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What Can Incoming Biden Administration Do To Stimulate Economy Without Congress?


Congress still has not reached a deal on a new COVID relief package to help millions of Americans facing an economic cliff. And frankly, with or without a deal, Joe Biden will still inherit a fragile economy and a closely divided Congress. Some economic experts close to Biden's team have advice for what the next president can do on his own. NPR's Asma Khalid reports.

ASMA KHALID, BYLINE: One thing most economists agree on is that the best way the president can stimulate the economy is by tackling the public health crisis.

AUSTAN GOOLSBEE: The No. 1 rule of virus economics, I always say, is that if you want to help the economy, you need to get control of the spread of the virus.

KHALID: Austan Goolsbee was a top economic adviser to former President Barack Obama. He also informally advised Biden's campaign. He says congressional spending would be the best solution right now. But if that's not going to happen...

GOOLSBEE: There are many areas where the federal government might get some relief out the door of one of the more obvious spaces being that of student loans.

KHALID: The Trump administration has deferred student loan payments until the end of January. Senate Minority Leader Chuck Schumer is urging Biden to go further.


CHUCK SCHUMER: It is my belief that the new president, President Biden, within the first few weeks of becoming president can simply sign an executive order and eliminate - end - $50,000 of student debt from every student.

KHALID: Felicia Wong agrees. She's a member of Biden's transition advisory board but spoke to me, she said, wearing her other hat. She's also president of the Roosevelt Institute.

FELICIA WONG: Ninety-five percent of all student debt is actually held by the government. And so the secretary of education would have it within her or his authority to cancel a lot of that debt.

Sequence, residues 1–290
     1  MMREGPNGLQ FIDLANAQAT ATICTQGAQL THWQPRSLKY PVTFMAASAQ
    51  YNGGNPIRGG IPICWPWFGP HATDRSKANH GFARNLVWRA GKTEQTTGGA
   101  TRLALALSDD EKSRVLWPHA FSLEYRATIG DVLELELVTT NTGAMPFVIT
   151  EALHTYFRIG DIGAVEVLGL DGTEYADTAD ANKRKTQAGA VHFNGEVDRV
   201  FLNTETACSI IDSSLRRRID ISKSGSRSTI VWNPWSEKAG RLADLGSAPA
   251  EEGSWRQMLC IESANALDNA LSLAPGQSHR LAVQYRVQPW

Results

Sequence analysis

KHALID: She says there's another thing the president could do to move money into the pockets of people right away.

WONG: Federal government's a really big employer, and Joe Biden had promised on the campaign trail a $15 an hour federal minimum wage. Well, that would require Congress, but his administration could take an executive action that says that all federal contractors have to pay their employees at least $15 an hour.

KHALID: Biden could try to tackle parts of his economic agenda on his own. He could modify Trump's trade tariffs, for example, or change regulations around the Affordable Care Act. These ideas might be helpful in the long run, says Heidi Shierholz with the Economic Policy Institute, but they don't tackle the financial problems people are facing right now. The economy needs a stimulus and...

HEIDI SHIERHOLZ: The president just doesn't have those tools.

KHALID: The tools, for example, to offer more money to state and local governments so they can keep firefighters on the job. And so the biggest economic test for Biden isn't how much he can do on his own, but how good he is at cutting deals.

SHIERHOLZ: The thing he'll have to resort to is trying to lean on his nearly 50 years of experience in Washington. That is what it will come down to. Can President Biden convince Mitch McConnell to move on some of this stuff? - because that is what it will take to get the stimulus that is needed.

KHALID: Shierholz says there's this assumption that a new president can waltz into the Oval Office and immediately change the course of the economy. But really, she says, the most viable path for economic recovery requires buy-in from Congress.

Asma Khalid, NPR News.

(SOUNDBITE OF ALT-J'S "3WW") Transcript provided by NPR, Copyright NPR.

Asma Khalid is a White House correspondent for NPR. She also co-hosts The NPR Politics Podcast.
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